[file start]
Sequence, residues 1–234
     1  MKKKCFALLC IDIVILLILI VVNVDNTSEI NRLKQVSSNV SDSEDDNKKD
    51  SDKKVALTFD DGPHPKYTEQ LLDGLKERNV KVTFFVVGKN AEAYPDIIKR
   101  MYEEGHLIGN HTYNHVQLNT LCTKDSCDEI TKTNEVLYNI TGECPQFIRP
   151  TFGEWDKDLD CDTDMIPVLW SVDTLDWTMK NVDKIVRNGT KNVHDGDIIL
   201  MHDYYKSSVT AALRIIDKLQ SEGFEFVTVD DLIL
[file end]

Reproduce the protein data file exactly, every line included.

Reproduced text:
Sequence, residues 1–234
     1  MKKKCFALLC IDIVILLILI VVNVDNTSEI NRLKQVSSNV SDSEDDNKKD
    51  SDKKVALTFD DGPHPKYTEQ LLDGLKERNV KVTFFVVGKN AEAYPDIIKR
   101  MYEEGHLIGN HTYNHVQLNT LCTKDSCDEI TKTNEVLYNI TGECPQFIRP
   151  TFGEWDKDLD CDTDMIPVLW SVDTLDWTMK NVDKIVRNGT KNVHDGDIIL
   201  MHDYYKSSVT AALRIIDKLQ SEGFEFVTVD DLIL